Mycotoxin risk: Half-a-million cans of chocolate spread ordered destroyed in Norway

FSA has imposed Orkla Foods Norway destroying a party with chocolate spread corresponding orders to 13.7 million slices. Now they have appealed the decision.

nugattiThe reason for the decision because the FSA considers importation of the Turkish hazelnut paste in the product illegally imported to Norway.

“The company has imported and put into production, a party with hazelnut paste originating in Turkey, without the shipment has been prepared for public border. It is not given permission to customs clearance, ” writes the FSA in the decision.

Moreover, writes the FSA that the consignment belongs to a group risk products that include special precautionary measures due to potential high mycotoxins.

“The company has for years imported hazelnut paste from Turkey and should be well acquainted with the regulations concerning special protection measures”  it says further in the decision.

– The resolution is made on the basis that we do not properly have notified the party with nuts into the FSA before customs clearance. Nevertheless, the party with nuts released in customs, and thus put into production by us, says communications director Dag Olav workforce VG.

FSA writes in its decision that it considers the infraction as very serious.

Orkla Foods Norway has now appealed the decision to the Food Safety Authority’s headquarters. Meanwhile, the 500,000 Nugatti boxes category Nugatti Max, Nugatti Air, Nugatti Zero and chocolate spread (regular) kept locked up in a warehouse in Lillestrom, something at the factory on Tveita, while some are still at the wholesaler.

Survey of mycotoxins in dates and dried fruits from Tunisian and Spanish markets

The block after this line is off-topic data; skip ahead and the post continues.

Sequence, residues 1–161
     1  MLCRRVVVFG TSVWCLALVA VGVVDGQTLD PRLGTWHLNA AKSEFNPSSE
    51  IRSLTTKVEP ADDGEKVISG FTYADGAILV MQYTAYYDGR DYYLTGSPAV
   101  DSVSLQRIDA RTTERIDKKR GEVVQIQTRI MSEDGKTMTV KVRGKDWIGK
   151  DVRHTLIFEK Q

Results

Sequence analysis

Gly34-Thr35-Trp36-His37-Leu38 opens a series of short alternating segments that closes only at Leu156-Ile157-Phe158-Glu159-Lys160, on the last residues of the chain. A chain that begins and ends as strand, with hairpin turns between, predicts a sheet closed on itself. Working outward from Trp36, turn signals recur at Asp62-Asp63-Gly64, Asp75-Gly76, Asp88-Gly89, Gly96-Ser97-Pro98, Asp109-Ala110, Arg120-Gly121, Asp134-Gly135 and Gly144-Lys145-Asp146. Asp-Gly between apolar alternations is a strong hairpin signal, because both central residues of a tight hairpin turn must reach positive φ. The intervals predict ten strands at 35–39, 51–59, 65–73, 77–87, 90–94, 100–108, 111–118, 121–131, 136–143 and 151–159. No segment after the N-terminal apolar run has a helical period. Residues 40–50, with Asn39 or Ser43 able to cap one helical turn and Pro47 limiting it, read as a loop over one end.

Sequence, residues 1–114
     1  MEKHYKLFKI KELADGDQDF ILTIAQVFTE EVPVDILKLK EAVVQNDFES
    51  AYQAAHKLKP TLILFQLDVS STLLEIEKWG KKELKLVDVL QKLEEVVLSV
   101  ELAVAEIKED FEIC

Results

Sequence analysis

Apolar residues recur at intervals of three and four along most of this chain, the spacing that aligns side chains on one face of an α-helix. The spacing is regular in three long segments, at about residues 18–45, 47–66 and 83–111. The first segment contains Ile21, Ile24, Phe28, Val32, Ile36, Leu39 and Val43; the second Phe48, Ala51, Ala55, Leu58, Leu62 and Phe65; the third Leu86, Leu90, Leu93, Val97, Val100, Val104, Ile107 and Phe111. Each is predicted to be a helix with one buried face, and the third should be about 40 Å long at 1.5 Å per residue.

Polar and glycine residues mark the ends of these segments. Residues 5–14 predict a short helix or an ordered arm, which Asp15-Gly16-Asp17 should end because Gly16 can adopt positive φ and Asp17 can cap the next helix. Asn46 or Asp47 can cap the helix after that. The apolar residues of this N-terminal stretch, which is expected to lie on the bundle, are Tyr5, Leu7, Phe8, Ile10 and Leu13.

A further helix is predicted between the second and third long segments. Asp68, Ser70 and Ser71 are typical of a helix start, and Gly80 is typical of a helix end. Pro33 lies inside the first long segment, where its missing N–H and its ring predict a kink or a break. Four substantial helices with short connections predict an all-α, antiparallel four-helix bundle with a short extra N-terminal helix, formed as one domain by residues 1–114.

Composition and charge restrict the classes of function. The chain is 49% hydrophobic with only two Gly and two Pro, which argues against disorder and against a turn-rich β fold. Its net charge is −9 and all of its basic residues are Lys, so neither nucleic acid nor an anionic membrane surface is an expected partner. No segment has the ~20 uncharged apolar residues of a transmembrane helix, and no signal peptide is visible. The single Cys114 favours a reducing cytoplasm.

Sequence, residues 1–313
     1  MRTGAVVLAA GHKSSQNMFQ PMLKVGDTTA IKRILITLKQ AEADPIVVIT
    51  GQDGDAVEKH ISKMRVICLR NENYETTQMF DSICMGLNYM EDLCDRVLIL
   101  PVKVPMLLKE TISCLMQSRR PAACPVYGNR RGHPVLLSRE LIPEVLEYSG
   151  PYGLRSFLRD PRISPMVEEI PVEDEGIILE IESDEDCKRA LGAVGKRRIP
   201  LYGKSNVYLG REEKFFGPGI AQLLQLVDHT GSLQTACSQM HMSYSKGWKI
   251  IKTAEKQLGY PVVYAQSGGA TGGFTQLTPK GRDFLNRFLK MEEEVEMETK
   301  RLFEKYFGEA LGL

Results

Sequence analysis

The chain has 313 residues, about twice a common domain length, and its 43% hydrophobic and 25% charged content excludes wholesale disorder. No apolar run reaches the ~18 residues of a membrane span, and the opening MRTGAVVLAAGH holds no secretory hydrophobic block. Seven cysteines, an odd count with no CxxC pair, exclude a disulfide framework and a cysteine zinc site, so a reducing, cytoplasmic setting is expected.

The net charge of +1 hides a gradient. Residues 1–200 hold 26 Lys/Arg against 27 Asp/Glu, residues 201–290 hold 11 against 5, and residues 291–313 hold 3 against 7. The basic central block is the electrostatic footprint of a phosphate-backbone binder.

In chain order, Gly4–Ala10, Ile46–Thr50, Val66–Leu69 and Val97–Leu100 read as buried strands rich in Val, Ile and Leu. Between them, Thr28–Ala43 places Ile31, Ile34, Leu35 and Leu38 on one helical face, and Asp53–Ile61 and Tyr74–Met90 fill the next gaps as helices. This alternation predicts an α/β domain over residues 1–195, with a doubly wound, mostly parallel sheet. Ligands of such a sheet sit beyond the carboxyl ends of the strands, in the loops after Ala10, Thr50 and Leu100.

In an effort to enforce the knowledge on mycotoxin occurrence and co-occurrence in dates and dried fruits, 228 samples purchased from Tunisian and Spanish markets were subjected to multi-mycotoxin liquid chromatography with tandem mass spectrometry (LC-MS/MS) analysis of 16 mycotoxins.

OLYMPUS DIGITAL CAMERAAt least one mycotoxin was detected in 160 samples (70%). The frequency of contaminated samples was 83%, 80%, 64%, 59% and 26% for dates, dried vine fruits, figs, apricots and plums, respectively but none of the analyzed samples contained detectable levels of fumonisins (FB1, FB2, FB3) or T-2 toxin (T2).

The incidence and levels of mycotoxins varied in samples. The most prevalent mycotoxin was enniatin B (EnnB) (54%), followed by enniatinA1 (EnnA1) (36%); aflatoxins (AFs) (23%) and ochratoxin A (OTA) (22%). Thirteen samples contained AFs in levels that exceed the maximum limits established in EU legislation. The simultaneous contamination with 2–6 mycotoxins was observed in 51% of the analyzed samples. Lastly, intakes of the detected mycotoxins were calculated for average adult consumers and compared with the tolerable daily intakes (TDI). Data obtained were used to estimate the potential exposure levels.